Any S Corporation that elected into the PTET by the original March 15 election date and will now be certifying as a Resident S Corporation for 2022 by the extended September 15 date is required to make its June 15 estimated tax payment based on the old allocation rules. However, it will have to make a “true-up” payment by September 15 to make sure that 75% of its projected liability under the new resident shareholder rules has been remitted to the state.
New York City PTET
Effective for tax years beginning on or after Jan. 1, 2023, an optional NYC PTET is available to any partnership that files a New York State partnership return or for S corporations where all of the shareholders are residents of New York City. The tax is in addition to all other current taxes including the Unincorporated Business Tax and the General Corporation Tax.
In the case of partnerships, the tax is imposed on the non-apportioned and unallocated pro-rata shares of income attributable to New York City residents, and only city residents are permitted a credit for such taxes. With respect to S corporations, all of the income of the shareholders, all of whom must be residents of New York City, is included in the PTET tax base. The tax rate is 3.876%.
Similar to the NYS PTET program, an annual election must be made by March 15 of the tax year at issue. Furthermore, quarterly estimated payments are required, with the first one being due on March 15 of the subject tax year. The tax return is due March 15 of the year after the tax year ends.
New York City residents of electing entities are entitled to a credit against their city personal income tax liability. Similar to the state program, the amount of the NYC PTET credit is added back in computing the individuals’ state income
Personal Income Tax Provisions
Additionally, for New York personal income tax purposes, the amount of NYS PTET credit claimed by partners, members, or shareholders of electing entities on their New York income tax returns is only required to be added back once, under section 612(b)(43), using Form IT-225, New York State Modifications. The Legislation amended section 612(b)(3) to include new subsection (c), which states “income taxes,” for the purposes of determining personal income tax, do not include the NYS PTET to the extent it is added back under section 612(b)(43). The amendment also provides that “income taxes” do not include other state pass-through entity taxes that are substantially similar to the NYS PTET, and are added back under section 612(b)(43), using Form IT-225. The changes are retroactive for tax years beginning on or after January 1, 2021.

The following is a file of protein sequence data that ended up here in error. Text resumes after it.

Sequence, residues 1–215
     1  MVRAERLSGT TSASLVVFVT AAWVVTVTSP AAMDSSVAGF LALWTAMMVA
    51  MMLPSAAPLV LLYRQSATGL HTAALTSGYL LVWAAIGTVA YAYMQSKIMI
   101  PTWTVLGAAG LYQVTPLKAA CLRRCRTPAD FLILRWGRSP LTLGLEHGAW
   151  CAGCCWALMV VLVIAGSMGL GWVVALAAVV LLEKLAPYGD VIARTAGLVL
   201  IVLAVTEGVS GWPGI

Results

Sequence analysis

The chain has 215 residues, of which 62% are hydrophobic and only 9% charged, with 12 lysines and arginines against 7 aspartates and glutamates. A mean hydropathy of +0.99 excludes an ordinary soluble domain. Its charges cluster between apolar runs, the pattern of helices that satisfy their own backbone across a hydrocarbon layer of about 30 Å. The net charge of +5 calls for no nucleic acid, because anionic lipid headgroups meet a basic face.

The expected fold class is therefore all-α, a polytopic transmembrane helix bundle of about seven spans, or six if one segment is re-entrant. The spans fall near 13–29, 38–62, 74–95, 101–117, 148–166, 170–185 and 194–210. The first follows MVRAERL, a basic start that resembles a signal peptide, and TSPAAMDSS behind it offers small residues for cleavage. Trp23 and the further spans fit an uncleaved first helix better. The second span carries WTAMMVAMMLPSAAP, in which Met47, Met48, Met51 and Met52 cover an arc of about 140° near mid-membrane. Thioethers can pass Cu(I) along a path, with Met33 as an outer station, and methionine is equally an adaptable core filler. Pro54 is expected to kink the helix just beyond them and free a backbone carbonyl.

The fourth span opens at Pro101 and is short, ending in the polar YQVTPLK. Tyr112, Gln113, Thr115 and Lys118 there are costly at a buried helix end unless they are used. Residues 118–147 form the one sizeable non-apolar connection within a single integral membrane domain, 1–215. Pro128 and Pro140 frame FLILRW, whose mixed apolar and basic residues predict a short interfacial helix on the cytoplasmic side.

The Legislation made it clear that the NYS PTET, and newly enacted NYC PTET, are required to be added back on the General Corporation Tax and Banking Corporation Tax returns in computing New York City income. The changes are retroactive for tax years beginning on or after January 1, 2021.
This ‘clean-up’ legislation removes some of the impediments created by the original PTET law and makes it possible for taxpayers to benefit from their business losses and credits. Contact Tom Corrie or your Marcum LLP advisor with any questions.